After spending years as a criminal prosecutor and then in private practice, Laurel Gift says her new role as assistant vice chancellor for compliance, investigations and ethics is a dream job.
“The opportunity to be working on a university campus around young people learning is really exciting to me,” said Gift, who joined Pitt in early April and heads the new Office of Compliance, Investigation and Ethics.
Gift noted offices of this nature are becoming more common in higher education, naming the University of Illinois Ethics and Compliance Office as one example. “We’re here to help with and conduct investigations and to serve as a resource to the University,” she said.
Gift said that she anticipates her new office will work closely with and similarly to the Office of Policy Development and Management—which also provides centralized resources and guidance to units across Pitt—while maintaining a connection to the Office of University Counsel.
“I am very pleased that Laurel has joined the University. She brings notable experience and leadership to this critical role,” said Geovette Washington, senior vice chancellor and chief legal officer of the University. “She's uniquely qualified to provide strategic guidance and oversight to our University community as we stand up this new central resource.”
One of Gift’s early missions and areas of focus at the University will be creating a handbook that will establish uniform procedures for how the University conducts investigations.
Gift noted that investigations are part of compliance—that they’re part of the checks and balances process, and are a compliance tool. In her role as assistant vice chancellor, she will serve as the privacy officer for the University and will oversee Pitt’s compliance with federal acts like the Family Educational Rights and Privacy Act (FERPA), Health Insurance Portability and Accountability Act (HIPAA) and the Jeanne Clery Disclosure of Campus Security Policy and Campus Crime Statistics Act (Clery Act), among others. She aims to create a compliance committee comprising members from all major responsibility centers that would meet quarterly.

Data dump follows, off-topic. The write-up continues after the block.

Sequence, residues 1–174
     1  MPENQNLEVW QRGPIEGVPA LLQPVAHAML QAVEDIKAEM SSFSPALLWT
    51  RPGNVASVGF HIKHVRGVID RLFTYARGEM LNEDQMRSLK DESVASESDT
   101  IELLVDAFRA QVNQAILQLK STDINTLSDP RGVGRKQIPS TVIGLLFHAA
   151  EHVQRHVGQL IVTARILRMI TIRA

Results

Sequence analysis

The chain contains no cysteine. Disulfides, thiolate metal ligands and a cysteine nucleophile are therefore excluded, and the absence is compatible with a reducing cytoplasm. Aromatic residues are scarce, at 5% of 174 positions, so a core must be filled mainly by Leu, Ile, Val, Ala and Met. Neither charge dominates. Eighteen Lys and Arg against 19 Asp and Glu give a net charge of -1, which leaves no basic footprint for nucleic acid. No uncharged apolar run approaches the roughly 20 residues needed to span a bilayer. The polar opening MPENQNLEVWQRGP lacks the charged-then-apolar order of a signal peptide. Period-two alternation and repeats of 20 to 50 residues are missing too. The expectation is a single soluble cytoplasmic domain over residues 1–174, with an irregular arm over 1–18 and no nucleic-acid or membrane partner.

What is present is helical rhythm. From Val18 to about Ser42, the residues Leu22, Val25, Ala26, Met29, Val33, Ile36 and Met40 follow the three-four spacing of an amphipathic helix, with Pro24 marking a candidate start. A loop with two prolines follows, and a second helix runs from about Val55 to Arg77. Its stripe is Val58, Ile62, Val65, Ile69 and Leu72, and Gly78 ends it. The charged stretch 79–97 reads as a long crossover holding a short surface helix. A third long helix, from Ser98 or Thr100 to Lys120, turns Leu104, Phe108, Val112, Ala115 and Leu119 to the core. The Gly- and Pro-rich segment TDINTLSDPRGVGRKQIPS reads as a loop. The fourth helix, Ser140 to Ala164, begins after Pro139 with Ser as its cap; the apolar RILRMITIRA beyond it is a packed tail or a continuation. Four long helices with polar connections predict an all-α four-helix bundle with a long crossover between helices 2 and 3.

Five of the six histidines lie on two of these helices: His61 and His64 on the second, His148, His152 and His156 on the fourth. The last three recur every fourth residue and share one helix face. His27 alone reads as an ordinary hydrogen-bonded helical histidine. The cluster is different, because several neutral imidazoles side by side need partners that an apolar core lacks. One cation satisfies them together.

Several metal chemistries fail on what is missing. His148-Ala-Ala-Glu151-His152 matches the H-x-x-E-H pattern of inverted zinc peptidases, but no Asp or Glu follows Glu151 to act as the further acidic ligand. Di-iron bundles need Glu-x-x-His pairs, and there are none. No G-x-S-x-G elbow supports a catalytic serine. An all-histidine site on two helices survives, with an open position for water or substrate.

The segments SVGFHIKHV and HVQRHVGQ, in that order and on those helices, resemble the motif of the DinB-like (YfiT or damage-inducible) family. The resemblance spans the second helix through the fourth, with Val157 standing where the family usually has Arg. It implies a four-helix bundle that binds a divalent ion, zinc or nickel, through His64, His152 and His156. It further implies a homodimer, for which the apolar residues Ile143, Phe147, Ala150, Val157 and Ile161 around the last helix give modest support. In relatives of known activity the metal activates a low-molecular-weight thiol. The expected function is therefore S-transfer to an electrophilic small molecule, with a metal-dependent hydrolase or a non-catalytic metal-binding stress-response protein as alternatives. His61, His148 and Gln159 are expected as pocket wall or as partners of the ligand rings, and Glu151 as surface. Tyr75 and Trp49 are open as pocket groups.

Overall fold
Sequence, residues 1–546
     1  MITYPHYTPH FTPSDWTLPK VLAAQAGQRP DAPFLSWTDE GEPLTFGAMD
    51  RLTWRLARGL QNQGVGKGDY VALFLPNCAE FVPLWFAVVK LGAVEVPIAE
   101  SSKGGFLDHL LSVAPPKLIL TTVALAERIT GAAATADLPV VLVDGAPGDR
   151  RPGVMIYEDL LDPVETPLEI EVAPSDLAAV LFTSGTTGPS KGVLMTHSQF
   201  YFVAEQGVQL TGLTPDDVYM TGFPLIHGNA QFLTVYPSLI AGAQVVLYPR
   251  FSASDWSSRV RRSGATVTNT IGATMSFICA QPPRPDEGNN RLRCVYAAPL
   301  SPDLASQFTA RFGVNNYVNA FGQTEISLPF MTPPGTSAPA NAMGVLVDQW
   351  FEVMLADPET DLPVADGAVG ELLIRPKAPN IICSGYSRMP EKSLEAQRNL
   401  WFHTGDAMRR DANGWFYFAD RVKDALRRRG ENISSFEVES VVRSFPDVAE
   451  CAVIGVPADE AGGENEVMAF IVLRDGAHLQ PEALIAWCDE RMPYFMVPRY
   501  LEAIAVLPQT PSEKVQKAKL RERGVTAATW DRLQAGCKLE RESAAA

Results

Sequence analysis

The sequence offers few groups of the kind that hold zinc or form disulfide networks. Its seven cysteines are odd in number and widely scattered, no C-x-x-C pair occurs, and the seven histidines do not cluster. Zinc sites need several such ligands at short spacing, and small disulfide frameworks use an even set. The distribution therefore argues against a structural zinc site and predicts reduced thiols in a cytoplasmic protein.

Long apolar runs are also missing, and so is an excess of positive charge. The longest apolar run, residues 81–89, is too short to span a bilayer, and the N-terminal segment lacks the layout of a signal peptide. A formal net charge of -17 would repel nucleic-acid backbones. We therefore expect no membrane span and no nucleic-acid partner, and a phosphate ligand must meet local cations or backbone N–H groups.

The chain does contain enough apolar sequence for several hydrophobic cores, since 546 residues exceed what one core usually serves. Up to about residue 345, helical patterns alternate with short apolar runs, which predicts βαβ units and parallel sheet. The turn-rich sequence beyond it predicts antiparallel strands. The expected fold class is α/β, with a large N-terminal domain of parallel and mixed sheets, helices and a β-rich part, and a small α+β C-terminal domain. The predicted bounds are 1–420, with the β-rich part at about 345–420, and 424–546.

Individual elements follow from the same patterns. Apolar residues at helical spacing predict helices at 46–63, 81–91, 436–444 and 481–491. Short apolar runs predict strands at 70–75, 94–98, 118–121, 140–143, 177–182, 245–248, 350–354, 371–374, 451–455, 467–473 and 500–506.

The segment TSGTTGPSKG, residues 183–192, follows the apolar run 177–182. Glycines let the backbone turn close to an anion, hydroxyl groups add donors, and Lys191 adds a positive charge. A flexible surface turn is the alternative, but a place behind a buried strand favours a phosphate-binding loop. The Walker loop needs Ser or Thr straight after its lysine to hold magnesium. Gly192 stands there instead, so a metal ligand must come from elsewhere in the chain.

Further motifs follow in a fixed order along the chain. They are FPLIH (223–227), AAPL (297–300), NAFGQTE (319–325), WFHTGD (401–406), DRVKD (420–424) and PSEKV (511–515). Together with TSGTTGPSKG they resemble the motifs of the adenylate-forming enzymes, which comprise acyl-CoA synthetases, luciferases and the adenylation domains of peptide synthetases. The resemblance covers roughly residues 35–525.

“Even though (investigations) happen in different responsibility centers, we’ll have basic principles and standards that we can apply across the board and provide resources to those people who do investigations,” she said, noting the University units like the Office of Human Resources and the Title IX Office may very well continue to conduct investigations, in addition to her office.
In addition, Gift will oversee the implementation of a University-wide ethics program, which will include a code of conduct, ensuring proper internal controls are in place and annual training. After Pitt has a formalized code of ethics and a defined values statement, “we can implement a program involving annual training and robust internal controls to make sure we are catching potential issues before they become a more significant problem,” she said.
Before joining Pitt, Gift served as senior deputy attorney general for the Office of the Attorney General of Pennsylvania and as an Allegheny County assistant district attorney. After clerking for a judge, Gift went into private practice where she focused on internal investigations and litigation and worked with clients such as school districts and nonprofits.
Gift said that investigations can sometimes be both complex and difficult, but she believes they always have a silver lining. “Even when it seems especially problematic, I can make recommendations back to organizations that are for their health and benefit in the future. They come out of investigations stronger, more transparent, with better processes in place to prevent issues in the future.”